I've skimmed the past few months of posts, and googled this, but can't
find a specific answer.
I am replacing an engine with bad cylinder in my 1987 Trooper.
Everything else on this car (tranny, tires, brakes, etc) is
good-to-almost-new. So I want to keep the vehicle, for sure.
I have a line on a rebuilt engine, i think it's a good deal.
Do I HAVE to pull the tranny to pull the motor? That is a huge P.I.T.A.,
and more work than I planned on doing. (Due to finances etc. doing the
thanks for any advice/insight,
Assuming the 87 is very much like the 86 model, which I did this same
operation on, (mine was a 2.3L 4-cyl- I can't speak for the V-6), you DO NOT
have to pull the tranny. Nor do you have to pull the front
differential/axle. What you DO have to do is pull the oil pan so you can
shoehorn the engine into the tranny over the front differential/axle
(without the oil pan, taking GREAT caution that you don't bend the oil p/u
tube and screen), then once the engine is in place (more or less) in the
transmission (you will need to use a floor jack to raise the front of the
transmission up to join the engine) behind the transaxle, then having
already scraped and cleaned the gasket off the block and the pan, including
the front and rear lip seals, reinstall the oil pan and tighten it up. I
strongly recommend pulling the radiator, just so you don't damage it.
Something to do before you do all this, though, is to replace the rear main
seal of the crankshaft on whatever engine you are reinstalling, and ensure
the plugs at the back of the head and/or block are new or in very good
I'm sure there were other things I did but I can't remember any more. BTW, I
picked up a wrecked Isuzu truck for 500 bucks and took the engine out of
it - I think I had to swap out the intake manifold due to lack of some
fittings that my truck had to have for the computer to work. You may run
into the same problem. Don't forget to fill the oil up before you try to
start it. Best way to do that is to take your keys and put them in the oil
case so you don't forget to do it.
Hope this helps. I wish I had my old 86. My 98 sucks oil and gas, much more
than my 86 ever did.
thanks for your reply. I've already pulled it, managed to do it w/o
pulling tranny. I wonder why the manual insists it must be done?
Thanks for the oil pan tip, we were wondering how we were gonna get it
all put back in and aligned. It looks like getting the tranny-engine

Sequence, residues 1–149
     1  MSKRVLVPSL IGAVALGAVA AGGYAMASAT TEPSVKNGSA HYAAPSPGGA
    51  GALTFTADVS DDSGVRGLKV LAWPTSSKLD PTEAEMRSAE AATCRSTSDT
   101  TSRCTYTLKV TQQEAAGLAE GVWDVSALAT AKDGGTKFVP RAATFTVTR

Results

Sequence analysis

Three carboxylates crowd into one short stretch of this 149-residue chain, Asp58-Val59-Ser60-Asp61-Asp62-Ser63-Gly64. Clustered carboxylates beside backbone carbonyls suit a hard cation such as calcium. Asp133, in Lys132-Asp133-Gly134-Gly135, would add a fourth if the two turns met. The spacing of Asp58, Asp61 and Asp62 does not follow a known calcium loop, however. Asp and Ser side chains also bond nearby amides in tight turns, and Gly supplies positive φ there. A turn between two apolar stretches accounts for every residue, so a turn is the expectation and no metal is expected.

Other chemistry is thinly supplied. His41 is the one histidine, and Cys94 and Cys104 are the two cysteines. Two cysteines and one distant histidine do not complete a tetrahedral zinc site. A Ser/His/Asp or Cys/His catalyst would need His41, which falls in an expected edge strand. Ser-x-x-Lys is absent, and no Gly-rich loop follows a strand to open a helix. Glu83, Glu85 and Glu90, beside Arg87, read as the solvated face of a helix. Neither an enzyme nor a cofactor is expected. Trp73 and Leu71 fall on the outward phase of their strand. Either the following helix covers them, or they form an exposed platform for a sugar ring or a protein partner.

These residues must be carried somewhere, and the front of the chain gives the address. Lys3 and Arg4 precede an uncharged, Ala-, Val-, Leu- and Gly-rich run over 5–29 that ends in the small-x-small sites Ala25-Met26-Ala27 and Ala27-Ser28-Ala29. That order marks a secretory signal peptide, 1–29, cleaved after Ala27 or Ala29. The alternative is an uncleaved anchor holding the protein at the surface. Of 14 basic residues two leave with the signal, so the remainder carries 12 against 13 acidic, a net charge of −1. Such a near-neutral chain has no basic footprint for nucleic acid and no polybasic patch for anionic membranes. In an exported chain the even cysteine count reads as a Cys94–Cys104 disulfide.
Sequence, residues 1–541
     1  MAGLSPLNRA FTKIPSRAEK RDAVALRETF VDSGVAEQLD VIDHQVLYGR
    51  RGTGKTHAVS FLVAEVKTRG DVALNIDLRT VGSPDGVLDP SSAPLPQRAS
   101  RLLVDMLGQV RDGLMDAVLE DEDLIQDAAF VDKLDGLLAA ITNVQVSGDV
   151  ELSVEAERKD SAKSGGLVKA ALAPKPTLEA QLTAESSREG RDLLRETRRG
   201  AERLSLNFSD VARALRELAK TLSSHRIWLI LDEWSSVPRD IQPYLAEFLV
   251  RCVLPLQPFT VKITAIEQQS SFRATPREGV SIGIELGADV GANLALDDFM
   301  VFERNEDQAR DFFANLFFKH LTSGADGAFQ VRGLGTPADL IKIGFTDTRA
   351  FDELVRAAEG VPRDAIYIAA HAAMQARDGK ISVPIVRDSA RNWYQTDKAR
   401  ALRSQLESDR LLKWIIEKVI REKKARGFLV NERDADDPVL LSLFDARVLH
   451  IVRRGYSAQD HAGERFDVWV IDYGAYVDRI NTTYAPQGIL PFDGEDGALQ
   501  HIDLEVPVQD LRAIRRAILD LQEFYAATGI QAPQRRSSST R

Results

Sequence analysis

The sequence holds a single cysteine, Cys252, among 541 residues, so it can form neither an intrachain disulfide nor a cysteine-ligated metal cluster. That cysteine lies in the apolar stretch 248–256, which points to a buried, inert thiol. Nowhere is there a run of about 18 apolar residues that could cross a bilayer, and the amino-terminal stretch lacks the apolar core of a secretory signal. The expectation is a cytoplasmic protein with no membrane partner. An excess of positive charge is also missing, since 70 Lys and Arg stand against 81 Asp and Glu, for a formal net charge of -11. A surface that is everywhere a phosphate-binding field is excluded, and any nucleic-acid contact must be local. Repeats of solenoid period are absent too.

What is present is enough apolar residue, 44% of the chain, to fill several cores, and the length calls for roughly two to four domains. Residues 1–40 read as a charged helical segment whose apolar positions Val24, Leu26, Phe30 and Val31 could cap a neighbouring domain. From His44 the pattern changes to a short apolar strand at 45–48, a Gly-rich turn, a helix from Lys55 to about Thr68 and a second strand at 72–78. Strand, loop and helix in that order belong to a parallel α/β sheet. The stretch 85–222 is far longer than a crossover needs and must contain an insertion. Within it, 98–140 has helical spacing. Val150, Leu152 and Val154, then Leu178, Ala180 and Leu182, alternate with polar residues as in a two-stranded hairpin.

mated back together is going to be a pain in the butt.
I haven't yet seen the engine we're installing, but i'll be sure to
check those. depending on some phone calls tomorrow, I may have a local
garage rebuild this engine instead of ordering a remanufactured one.
Lots depends on cost, and shipping adds quite a bit on ordering one.
yeah- I could have bought a newer car, even a newer Trooper, for what
I'm spending on this one, but I'm fairly attached to it. Everything else
is in really good condition. it's the 2.3L gas 4cyl, so no powerhouse,
(96 hp and 125 ft.lbs. torque) but it's a car I like a lot.
I have a friend that forgot to put oil in a BRAND NEW engine he'd
installed for someone else. The damn thing melted. I won't forget!!
one question about this part- what plugs are you referring to? Freeze
plugs? The round, aluminum-looking things are the only plugs I see, and
I thought those were freeze plugs. Are they not?
As you can see, I'm rather learning-by-doing on this. I've done all my
own maintenance and lots of minor repairs/replacements (brakes, timing
belt, etc) but never pulled an engine before. What a learning
experience! and so far, no broken bolts or parts, no tore-up knuckles.
We'll see how it goes, putting the new one in.
thanks for your previous advice, too.
On my 1990 Trooper, 2.8 V6, I dropped the front axle down to the frame
(4 bolts on each side). This allowed the axle to clear the oil pan, and
made engine removal easy. Don't have to pull, or reinstall the pan after
engine installation, or drop transmission. Don't know about 4 cyl.
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